Review: “The Secret” (graphic novel)

“The Secret”
Story/Created by Mike Richardson
Art by Jason Shawn Alexander

Major spoilers!

High school outcast Tommy is invited to a party by Pam, a girl who is out of his league. At the party, the kids play a prank call game involving passing around a phone and everyone dialing in one number until a complete phone number is entered. The kid who is left holding the phone has to call the number and when the other end picks up, they say, “I know your secret,” and then instruct the person to go to the park at midnight. Naturally, the kids manage to call someone who actually has a deep dark secret, and sure enough, when they all go to the park to presumably mock whoever was on the other end, Pam ends up abducted by the guy with the secret.

What follows is a fairly typical teens in trouble horror story, and predicting the outcome was painfully simple. Tommy just knows he can save Pam, but of course the cops don’t want his help because they think he’s a suspect. So he takes matters into his own hands, and by a sheer stroke of dumb luck, manages to find the spooky old farmhouse where Pam’s abductor has been keeping women tied up for god knows how long. I’m sure you can figure out the rest. People get killed for doing stupid shit that anyone who’s seen a slasher film would know not to do. Tommy manages to save Pam and take care of the bad guy, but doesn’t want the cops to find out. But guess what? At the end, he gets a phone call from a mysterious person saying – wait for it! – “I know your secret.” The final frame even includes the text “The End…?” The answer is YES.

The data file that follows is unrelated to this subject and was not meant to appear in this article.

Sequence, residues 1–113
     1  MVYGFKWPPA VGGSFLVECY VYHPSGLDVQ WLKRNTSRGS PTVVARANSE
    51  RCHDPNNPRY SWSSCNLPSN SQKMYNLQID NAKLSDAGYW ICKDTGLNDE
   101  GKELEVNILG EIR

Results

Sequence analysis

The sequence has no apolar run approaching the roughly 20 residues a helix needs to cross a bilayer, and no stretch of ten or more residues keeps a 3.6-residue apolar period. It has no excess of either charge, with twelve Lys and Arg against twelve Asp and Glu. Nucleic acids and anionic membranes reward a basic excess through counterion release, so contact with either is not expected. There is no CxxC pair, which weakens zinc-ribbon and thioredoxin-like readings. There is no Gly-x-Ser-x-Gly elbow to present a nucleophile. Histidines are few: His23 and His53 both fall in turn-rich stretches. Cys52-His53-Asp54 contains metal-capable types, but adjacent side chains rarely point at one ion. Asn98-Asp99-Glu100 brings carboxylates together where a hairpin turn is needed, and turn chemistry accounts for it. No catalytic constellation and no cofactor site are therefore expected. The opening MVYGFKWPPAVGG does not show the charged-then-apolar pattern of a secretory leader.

To add insult to injury, the story does a lot more telling, as opposed to showing, than it needs to. A good graphic novel utilizes the images to tell the story, which is pretty much the point. But when one frame shows Tommy entering a room that clearly has a trap door, don’t have the character say “Hmm…a trap door.” We can see that. In fact, Tommy just talks too much. Maybe it was supposed to be a character trait, but he narrates his every action. Who is this guy, Marv Albert? It’s annoying and completely unnecessary in a GRAPHIC novel.

The one saving grace of “The Secret” is the art. Alexander has a style that works well for a horror GN, making it that much more disappointing that it was wasted on such a crapjob story. Avoid this one. If you want a GN that is far more disturbing, you’d be better off reading Grant Morrison and Dave McKean’s “Arkham Asylum,” and that one isn’t even touted as horror.

UPDATE: Apparently, “The Secret” is the first in a four-part series. However, I can say that based on an opening like this, I’m not interested in reading the rest of the story.

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